Clifford Township Historical Society member Mark Wilmot (left) displays one of two engines that once powered Yarns Cider Mill in Clifford Township, Susquehanna County. The Historical Society’s efforts to restore the mill and several other historic structures in the community is indicative of projects supported by grants secured by Endless Mountains Heritage Region.
Endless Mountains Heritage Region (EMHR) is now accepting applications for grants to further projects and programs that support heritage tourism, historic preservation, outdoor recreation, education and interpretation, agricultural promotion, and scenic landscapes or byways in Bradford, Sullivan, Susquehanna, and Wyoming counties.
Successful applicants in the past have received funding for the restoration of historic buildings, enhancing pedestrian access to heritage areas, trail development and signage, and development of interpretive centers. EMHR has administered such grants since 1998 with the cooperation of the Pennsylvania Department of Conservation and Natural Resources (DCNR) and the Bureau of Recreation and Conservation under the umbrella of the Pennsylvania Heritage Areas Program.
EMHR will solicit applications through Saturday, Nov. 1. Forms can be downloaded via www.emheritage.org, where the agency’s Priority Areas are identified, and additional instructions are easily accessible. Non-profit groups, municipalities and units of government interested in planning and implementing projects serving community or heritage development, historic preservation, or resource conservation/enhancement goal are encouraged to apply.
Applications receiving the most attention will be those matching EMHR’s highest priorities, which include interpretive and educational projects that spur economic development and identification of and enhancements to tourist and recreation destinations.
Secondly, the grant committee will look favorably on efforts to develop interpretive materials, such a brochures; host programs, such as walking tours and traveling exhibits, workshops, and lectures; document scenic and geological resources of the Endless Mountains; and identify anchor heritage sites that have the potential to become community or regional heritage centers.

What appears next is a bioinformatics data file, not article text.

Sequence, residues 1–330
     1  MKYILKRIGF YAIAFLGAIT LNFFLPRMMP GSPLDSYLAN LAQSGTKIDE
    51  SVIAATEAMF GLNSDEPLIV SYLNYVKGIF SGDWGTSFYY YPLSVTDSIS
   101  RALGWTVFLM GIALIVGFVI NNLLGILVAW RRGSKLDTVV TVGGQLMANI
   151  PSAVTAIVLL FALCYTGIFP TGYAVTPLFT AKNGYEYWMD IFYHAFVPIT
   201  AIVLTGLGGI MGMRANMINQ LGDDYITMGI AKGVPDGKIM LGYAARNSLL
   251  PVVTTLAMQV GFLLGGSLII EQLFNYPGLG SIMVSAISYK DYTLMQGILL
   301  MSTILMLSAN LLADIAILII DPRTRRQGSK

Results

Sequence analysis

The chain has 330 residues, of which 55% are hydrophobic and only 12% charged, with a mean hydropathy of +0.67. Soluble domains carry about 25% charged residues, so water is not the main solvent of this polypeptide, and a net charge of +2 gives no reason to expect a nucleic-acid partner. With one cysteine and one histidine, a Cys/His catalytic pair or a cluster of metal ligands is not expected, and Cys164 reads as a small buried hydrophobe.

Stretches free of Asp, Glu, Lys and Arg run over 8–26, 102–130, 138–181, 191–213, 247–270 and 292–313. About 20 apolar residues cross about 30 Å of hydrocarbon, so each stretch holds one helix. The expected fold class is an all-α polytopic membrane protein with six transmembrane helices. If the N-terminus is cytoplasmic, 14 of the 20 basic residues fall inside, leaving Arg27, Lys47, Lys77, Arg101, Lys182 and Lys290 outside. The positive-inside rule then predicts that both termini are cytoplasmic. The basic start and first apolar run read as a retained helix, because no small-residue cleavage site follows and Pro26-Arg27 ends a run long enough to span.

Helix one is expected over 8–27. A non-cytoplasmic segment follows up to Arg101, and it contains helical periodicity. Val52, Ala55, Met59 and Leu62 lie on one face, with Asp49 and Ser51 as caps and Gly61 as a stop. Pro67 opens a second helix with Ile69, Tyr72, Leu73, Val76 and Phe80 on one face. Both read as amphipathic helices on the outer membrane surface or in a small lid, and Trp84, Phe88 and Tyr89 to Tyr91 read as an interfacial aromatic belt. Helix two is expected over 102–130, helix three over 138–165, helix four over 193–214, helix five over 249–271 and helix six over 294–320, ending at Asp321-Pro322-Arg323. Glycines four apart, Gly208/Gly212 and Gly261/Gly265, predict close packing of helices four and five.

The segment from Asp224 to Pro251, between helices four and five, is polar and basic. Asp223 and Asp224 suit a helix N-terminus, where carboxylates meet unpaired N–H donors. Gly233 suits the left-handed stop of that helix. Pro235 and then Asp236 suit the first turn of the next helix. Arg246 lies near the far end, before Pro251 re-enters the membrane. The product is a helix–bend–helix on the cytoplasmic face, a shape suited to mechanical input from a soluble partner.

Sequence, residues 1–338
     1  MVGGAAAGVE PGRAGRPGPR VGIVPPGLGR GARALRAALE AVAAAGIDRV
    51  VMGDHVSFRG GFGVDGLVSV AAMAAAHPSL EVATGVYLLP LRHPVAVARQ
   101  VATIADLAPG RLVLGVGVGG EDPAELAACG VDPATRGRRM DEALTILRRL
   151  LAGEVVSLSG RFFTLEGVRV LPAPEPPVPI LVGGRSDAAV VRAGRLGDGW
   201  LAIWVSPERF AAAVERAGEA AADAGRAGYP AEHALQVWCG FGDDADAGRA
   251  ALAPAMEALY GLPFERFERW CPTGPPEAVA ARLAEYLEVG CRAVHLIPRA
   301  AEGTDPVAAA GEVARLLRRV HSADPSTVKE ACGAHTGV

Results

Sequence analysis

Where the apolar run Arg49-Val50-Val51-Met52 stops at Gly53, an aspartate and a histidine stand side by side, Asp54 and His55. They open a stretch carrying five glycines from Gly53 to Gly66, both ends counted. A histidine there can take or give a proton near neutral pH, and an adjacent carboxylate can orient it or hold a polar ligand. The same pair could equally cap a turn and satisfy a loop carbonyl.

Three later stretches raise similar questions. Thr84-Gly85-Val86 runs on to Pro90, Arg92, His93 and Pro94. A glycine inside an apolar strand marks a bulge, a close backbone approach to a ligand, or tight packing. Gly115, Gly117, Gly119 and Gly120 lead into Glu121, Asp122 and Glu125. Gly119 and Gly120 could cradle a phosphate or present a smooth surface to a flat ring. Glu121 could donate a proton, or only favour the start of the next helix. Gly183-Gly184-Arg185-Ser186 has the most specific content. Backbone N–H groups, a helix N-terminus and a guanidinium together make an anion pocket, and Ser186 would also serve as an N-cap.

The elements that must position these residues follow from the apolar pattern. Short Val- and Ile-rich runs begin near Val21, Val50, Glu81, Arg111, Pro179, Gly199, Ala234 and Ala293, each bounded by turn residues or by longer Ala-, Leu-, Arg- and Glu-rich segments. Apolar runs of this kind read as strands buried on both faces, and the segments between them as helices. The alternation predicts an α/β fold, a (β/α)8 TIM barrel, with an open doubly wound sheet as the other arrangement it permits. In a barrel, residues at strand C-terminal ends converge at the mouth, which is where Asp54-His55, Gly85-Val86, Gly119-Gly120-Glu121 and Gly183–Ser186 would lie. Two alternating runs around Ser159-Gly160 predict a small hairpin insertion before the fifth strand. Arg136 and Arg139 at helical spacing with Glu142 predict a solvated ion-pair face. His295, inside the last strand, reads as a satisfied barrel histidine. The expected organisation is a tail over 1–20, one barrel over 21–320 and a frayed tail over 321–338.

Community planning projects, such feasibility studies for adaptive reuse of historic structures; comprehensive preservation and conservation plans, development of relevant training courses for municipal and business leaders; and partnerships that foster entrepreneurial potential and identify heritage-related small business opportunities are also of great importance to EMHR.
Employing a 50/50 match component, EMHR is able to provide funding and technical assistance to project partners throughout the four-county region. Staff members have more than 30 years of combined professional experience in grant and project management.
Successful and unsuccessful applicants alike are invited to take advantage of the wealth of expertise in developing and implementing worthwhile projects offered by EMHR, such as grants and funding research, grantwriting and funding proposals, contract administration and documentation, and integration with related projects and initiatives. EMHR staff is available to discuss project plans, identify common goals and potential funding sources, and to help form partnerships.
In Wyoming County, EMHR grants have aided in the restoration of the clock tower on the courthouse in Tunkhannock (above) and exterior improvements and a structural analysis of The Oldest House (below) in Laceyville.
In Bradford County, EMHR grants have funded portions of the interior renovations of the Old Burlington Church (below), which was constructed in 1822.
In the State Game Lands near Mildred, EMHR grants were used to fund interpretive signage (below) and a documentation of the all-but-forgotten logging town of Ricketts, which straddles the border of Sullivan and Wyoming Counties.